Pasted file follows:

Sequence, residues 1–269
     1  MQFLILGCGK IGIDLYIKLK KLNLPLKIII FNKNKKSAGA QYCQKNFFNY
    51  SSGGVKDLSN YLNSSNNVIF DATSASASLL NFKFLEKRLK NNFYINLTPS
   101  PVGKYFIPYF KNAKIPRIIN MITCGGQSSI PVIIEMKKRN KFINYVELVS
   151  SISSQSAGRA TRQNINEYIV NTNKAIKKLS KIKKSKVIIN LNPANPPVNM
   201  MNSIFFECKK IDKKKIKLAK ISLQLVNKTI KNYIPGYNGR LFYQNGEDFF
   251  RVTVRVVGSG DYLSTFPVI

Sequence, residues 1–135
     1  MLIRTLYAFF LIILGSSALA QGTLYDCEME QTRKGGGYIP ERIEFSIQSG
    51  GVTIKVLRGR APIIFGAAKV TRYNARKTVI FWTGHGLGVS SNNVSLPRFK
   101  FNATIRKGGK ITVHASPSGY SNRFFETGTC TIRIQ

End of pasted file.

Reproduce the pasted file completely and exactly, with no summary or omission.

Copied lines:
Sequence, residues 1–269
     1  MQFLILGCGK IGIDLYIKLK KLNLPLKIII FNKNKKSAGA QYCQKNFFNY
    51  SSGGVKDLSN YLNSSNNVIF DATSASASLL NFKFLEKRLK NNFYINLTPS
   101  PVGKYFIPYF KNAKIPRIIN MITCGGQSSI PVIIEMKKRN KFINYVELVS
   151  SISSQSAGRA TRQNINEYIV NTNKAIKKLS KIKKSKVIIN LNPANPPVNM
   201  MNSIFFECKK IDKKKIKLAK ISLQLVNKTI KNYIPGYNGR LFYQNGEDFF
   251  RVTVRVVGSG DYLSTFPVI

Sequence, residues 1–135
     1  MLIRTLYAFF LIILGSSALA QGTLYDCEME QTRKGGGYIP ERIEFSIQSG
    51  GVTIKVLRGR APIIFGAAKV TRYNARKTVI FWTGHGLGVS SNNVSLPRFK
   101  FNATIRKGGK ITVHASPSGY SNRFFETGTC TIRIQ